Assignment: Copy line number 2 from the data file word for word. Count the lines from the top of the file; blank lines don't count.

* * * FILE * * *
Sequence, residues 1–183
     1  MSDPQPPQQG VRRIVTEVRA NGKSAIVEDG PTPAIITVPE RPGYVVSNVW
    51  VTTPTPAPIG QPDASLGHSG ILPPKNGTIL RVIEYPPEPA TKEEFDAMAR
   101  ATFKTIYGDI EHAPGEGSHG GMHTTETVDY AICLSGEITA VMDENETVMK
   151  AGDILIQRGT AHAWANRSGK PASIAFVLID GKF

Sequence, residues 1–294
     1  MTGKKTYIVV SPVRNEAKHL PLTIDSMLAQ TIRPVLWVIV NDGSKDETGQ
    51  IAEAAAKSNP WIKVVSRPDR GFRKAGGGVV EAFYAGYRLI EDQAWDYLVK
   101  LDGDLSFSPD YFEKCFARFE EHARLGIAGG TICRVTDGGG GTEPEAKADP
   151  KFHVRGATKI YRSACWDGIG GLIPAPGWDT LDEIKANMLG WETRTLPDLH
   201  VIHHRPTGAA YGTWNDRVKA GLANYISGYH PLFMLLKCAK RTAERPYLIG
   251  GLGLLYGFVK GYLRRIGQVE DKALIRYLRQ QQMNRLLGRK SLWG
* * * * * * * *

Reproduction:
     1  MSDPQPPQQG VRRIVTEVRA NGKSAIVEDG PTPAIITVPE RPGYVVSNVW